SWMS 20: What We Did and Why
Sam Whitmore's Media Survey was launched May 11, 1998. It was truly an accidental business -- you can read that backstory here. The original idea was to analyze IT editorial for PR pros and advertising agency pros and password-protect the content on a web site. The idea of a paywall was highly heretical back then. Google hadn't been founded yet but Alta Vista and Lycos were big deals, and many of our industry friends wondered why we would prevent search spiders from surfacing our content. We stuck to our guns.
In 1998 we organized our analysis around publication categories -- almost exclusively IT trades. Our focus on reporters and what makes them tick was far in the future. We knew that B2B ad agencies worked hard to determine where to place clients' ad budgets. We knew their perspective was empirical, based on circulation and reach. IDG, CMP and Ziff-Davis sales reps all had axes to grind, so these agencies needed an independent means of judging what constituted effective editorial, in a context they understood. So we segmented the tech edit landscape differently -- the way product buyers see the world.
Ad agencies love focus groups, so we came up with the idea of The Listening Room -- a collection of audio clips that let our subscribers hear what readers thought about the IT trades. We'd cold-call the readers and ask them if they had a few minutes to share their views on what they read and what they liked and disliked. Most were afraid to talk on the record, but many did. Ad agencies loved The Listening Room. PR pros liked it too because hearing actual readers helped them understand an IT pro's problems and desires, and they fine-tuned their pitches accordingly.
Over time it became too difficult to serve both ad pros and PR pros; their needs were too different. Luckily, we bet on PR and that's why we survived.
In 2001 we introduced the concept of SWMS valet consulting services. You can see our first description of it in the left column above. Valet consulting saved us because it forced us to listen. As the requests started coming in, we realized that it was all about the targets -- as far as the AEs were concerned. The VPs and above also appreciated the analysis and other strategic content, so we began straddling both and continue to do so today.
In 2003 we introduced SWMS editorial teleconferences and SWMS PDFs. The latter came and went, but the weekly conversations with tech journalists became popular. In the early days we set them up like live radio talk shows. The journalist would call in at the appointed time. Subscribers could ask the journalists questions or simply listen in. We then would publish the audio as well as a synopsis of what the journo had to say.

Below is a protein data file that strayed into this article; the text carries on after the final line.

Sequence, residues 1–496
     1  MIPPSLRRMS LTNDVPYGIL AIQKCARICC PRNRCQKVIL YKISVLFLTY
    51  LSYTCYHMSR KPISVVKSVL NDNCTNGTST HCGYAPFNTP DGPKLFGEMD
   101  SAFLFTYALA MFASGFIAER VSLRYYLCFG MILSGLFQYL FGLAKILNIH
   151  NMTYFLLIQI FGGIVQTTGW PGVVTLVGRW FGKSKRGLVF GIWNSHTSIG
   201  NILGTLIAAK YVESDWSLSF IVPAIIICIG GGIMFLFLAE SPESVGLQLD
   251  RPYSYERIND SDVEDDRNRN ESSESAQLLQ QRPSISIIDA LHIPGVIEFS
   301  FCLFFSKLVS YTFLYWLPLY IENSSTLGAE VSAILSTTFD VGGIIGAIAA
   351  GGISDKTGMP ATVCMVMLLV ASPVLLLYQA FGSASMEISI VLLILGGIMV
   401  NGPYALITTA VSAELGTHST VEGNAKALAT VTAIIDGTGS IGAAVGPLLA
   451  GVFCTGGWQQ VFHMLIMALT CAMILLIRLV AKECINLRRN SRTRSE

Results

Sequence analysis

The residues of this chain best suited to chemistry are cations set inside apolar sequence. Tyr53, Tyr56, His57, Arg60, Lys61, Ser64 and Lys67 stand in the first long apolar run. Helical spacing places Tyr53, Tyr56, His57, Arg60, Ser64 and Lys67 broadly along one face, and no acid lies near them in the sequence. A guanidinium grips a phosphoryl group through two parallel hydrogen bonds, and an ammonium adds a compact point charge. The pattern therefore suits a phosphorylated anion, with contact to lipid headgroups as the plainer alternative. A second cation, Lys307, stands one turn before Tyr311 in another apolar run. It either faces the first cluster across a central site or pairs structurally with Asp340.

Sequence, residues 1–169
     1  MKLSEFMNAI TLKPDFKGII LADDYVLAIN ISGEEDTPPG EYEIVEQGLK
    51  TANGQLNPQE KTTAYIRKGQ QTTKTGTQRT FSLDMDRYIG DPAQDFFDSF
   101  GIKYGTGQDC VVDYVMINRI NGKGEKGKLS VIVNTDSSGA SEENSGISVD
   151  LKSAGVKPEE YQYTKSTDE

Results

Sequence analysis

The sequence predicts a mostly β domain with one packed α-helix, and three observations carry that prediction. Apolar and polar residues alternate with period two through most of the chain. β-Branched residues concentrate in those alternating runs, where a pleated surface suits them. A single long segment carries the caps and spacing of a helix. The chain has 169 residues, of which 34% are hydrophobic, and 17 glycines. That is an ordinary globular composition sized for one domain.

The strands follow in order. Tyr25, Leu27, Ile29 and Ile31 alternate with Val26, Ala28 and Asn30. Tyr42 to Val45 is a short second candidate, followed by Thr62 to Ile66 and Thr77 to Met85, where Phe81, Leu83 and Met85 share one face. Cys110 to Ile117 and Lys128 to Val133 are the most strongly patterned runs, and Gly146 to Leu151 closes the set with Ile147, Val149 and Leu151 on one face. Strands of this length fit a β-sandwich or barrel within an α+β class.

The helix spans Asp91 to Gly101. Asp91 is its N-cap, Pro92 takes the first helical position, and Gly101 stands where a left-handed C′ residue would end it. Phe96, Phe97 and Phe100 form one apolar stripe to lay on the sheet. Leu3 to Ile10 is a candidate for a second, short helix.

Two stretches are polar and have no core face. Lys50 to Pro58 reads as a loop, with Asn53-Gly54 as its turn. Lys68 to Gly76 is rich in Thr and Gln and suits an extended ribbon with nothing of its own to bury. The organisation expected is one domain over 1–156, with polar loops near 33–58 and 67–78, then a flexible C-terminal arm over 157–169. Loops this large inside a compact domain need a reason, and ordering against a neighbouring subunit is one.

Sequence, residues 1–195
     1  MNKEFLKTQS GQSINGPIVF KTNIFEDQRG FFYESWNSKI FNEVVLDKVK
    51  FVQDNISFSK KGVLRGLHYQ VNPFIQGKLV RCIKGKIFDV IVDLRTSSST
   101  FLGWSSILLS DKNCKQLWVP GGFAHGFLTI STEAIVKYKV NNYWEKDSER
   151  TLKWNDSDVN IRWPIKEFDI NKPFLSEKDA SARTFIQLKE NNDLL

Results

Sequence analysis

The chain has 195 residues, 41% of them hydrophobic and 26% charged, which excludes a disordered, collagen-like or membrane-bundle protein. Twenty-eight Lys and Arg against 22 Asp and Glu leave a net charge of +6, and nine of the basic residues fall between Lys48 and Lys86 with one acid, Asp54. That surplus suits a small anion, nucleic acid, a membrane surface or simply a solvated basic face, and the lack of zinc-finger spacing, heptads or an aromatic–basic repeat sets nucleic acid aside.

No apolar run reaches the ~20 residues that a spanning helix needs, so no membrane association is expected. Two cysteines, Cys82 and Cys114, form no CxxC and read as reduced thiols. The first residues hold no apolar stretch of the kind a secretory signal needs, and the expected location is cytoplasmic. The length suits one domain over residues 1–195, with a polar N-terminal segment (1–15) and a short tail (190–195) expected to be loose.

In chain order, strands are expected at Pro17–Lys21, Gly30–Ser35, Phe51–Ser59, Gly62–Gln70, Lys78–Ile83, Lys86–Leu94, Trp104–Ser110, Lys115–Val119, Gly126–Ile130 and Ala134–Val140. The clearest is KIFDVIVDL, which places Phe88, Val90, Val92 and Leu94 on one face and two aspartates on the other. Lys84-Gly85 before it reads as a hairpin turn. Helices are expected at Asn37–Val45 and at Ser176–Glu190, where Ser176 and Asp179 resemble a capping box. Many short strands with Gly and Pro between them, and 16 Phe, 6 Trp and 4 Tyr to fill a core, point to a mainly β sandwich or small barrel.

As time went on, the journalists wound up saying many of the same things -- "read what I write" and "don't call me on deadline" or sometimes, "don't call me ever." Gradually, attendance for these teleconferences dwindled. Many subscribers told us that they'd sign up to attend but some client emergency would arise so they listened to the archived audio instead. So that's how we do them to this day: we schedule them at the journalist's convenience, not ours. And subscribers can listen at their convenience, too.
In 2004 and 2005 -- during the blog craze -- we experimented with a Drupal CMS. As you can see, it was ugly. It also made us lazy as it pretty much became a link blog. We wrote less.
In 2006 we returned to our teal-and-gold color scheme. We introduced coverage of industry analysts and launched a weekly audio report called Tech Media This Week. The biggest development back then was the arrival of CNET audio and video producer Christy Andrade (who later became Christy Whitmore). Christy brought huge value across the board, from sales to content to production. She remains the watchful conscience of the franchise.
In the new decade we simplified site organization into targets, trends and insight. We also got social with Tweets and a tag cloud. Not pictured above is SWMSTweet. That was a Christy idea. (So was our distribution on Slack, which we introduced in 2017.) She saw the importance of social to our business and to the relationships that make it possible.
We introduced our current web format in 2014. We've been looking at new templates but they tend to emphasize visuals (carousels, big art) and for all the change over the years, SWMS remains highly text-driven and that won't change anytime soon. That said, we always remain on the hunt to improve the SWMS experience, especially on mobile devices.
Thanks for reading all the way down here. It's subscribers like you that keep things fun after all these years. We look forward to many more and hope you'll be part of our continuing journey.